Why is the Book of Enoch Banned from the Bible?
From Alexandra Bruce
The Book of Enoch is an ancient Jewish religious work, ascribed by tradition to Enoch, the great-grandfather of Noah, although modern scholars estimate the older sections (mainly in the Book of the Watchers) to date from about 300 BC, and the latest part (Book of Parables) probably to the end of the first century BC.
It is not part of the biblical canon as used by Jews, apart from Beta Israel. Most Christian denominations and traditions may accept the Books of Enoch as having some historical or theological interest or significance, but they generally regard the Books of Enoch as non-canonical or non-inspired.
However, it is regarded as canonical by the Ethiopian Orthodox Tewahedo Church and Eritrean Orthodox Tewahedo Church, but not by any other Christian group.
It is wholly extant only in the Ge’ez language, with Aramaic fragments from the Dead Sea Scrolls and a few Greek and Latin fragments. For this and other reasons, the traditional Ethiopian belief is that the original language of the work was Ge’ez, whereas non-Ethiopian scholars tend to assert that it was first written in either Aramaic or Hebrew; E. Isaac suggests that the Book of Enoch, like the Book of Daniel, was composed partially in Aramaic and partially in Hebrew. No Hebrew version is known to have survived. The book itself claims to be written by Enoch himself before the Biblical Flood.
The authors of the New Testament were familiar with the content of the story and influenced by it: a short section of 1 Enoch (1 En 1:9 or 1 En 2:1 depending on the translation) is quoted in the New Testament (Letter of Jude 1:14-15), and is attributed there to “Enoch the Seventh from Adam” (1 En 60:8). The text was also utilised by the community that originally collected the Dead Sea Scrolls.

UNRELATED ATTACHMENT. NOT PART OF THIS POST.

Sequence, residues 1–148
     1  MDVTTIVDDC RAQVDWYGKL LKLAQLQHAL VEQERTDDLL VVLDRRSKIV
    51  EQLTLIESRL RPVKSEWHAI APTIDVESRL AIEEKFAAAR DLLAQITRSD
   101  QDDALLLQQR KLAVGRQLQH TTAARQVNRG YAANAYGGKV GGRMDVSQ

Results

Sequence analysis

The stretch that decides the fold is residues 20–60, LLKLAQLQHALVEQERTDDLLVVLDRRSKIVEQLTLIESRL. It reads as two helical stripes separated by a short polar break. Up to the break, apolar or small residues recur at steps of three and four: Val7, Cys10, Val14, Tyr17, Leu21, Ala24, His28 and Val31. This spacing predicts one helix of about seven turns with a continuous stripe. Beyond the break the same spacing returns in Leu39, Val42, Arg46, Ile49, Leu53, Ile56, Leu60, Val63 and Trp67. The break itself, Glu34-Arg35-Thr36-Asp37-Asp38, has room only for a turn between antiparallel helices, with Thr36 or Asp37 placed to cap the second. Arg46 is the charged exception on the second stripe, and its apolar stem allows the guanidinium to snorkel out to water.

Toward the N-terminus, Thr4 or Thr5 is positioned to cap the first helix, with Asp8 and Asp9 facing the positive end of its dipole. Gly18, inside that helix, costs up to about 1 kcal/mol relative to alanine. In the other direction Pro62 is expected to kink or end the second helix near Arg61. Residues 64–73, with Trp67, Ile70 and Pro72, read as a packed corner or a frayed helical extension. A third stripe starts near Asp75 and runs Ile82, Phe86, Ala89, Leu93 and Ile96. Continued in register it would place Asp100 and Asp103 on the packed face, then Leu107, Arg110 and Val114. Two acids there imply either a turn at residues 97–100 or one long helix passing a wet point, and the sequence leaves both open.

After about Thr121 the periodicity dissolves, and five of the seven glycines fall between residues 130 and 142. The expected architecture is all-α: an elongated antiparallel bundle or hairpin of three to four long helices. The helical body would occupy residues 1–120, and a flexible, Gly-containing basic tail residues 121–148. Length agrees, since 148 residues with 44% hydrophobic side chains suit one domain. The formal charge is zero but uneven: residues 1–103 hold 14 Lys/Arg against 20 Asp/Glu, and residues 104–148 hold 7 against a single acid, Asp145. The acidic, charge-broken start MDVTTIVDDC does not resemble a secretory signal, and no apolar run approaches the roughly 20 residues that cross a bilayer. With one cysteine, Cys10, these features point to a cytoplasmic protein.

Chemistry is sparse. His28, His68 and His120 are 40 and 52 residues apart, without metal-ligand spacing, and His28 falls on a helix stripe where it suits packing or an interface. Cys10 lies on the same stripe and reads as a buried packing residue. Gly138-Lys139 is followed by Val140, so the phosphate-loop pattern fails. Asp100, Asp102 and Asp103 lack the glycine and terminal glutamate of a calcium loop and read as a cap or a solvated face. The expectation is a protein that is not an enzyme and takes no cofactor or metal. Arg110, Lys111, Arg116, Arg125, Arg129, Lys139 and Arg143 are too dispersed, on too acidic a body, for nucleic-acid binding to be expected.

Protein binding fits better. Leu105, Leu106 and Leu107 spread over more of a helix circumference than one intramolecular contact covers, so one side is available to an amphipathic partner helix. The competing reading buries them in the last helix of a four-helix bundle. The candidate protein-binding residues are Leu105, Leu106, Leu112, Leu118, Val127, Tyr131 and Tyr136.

The first part of the Book of Enoch describes the fall of the Watchers, the angels who fathered the Nephilim. The remainder of the book describes Enoch’s visits to heaven in the form of travels, visions and dreams, and his revelations.
The book consists of five quite distinct major sections (see each section for details):
– The Book of the Watchers (1 Enoch 1-36)
– The Book of Parables of Enoch (1 Enoch 37-71) (also called the Similitudes of Enoch)
– The Astronomical Book (1 Enoch 72-82) (also called the Book of the Heavenly Luminaries
or Book of Luminaries)
– The Book of Dream Visions (1 Enoch 83-90) (also called the Book of Dreams)
– The Epistle of Enoch (1 Enoch 91-108)
Most scholars believe that these five sections were originally independent works (with different dates of composition), themselves a product of much editorial arrangement, and were only later redacted into what we now call 1 Enoch.
Jozef Milik has suggested that the Book of Giants found among the Dead Sea Scrolls should be part of the collection, appearing after the Book of Watchers in place of the Book of Parables, but for various reasons, Milik’s theory has not been widely accepted.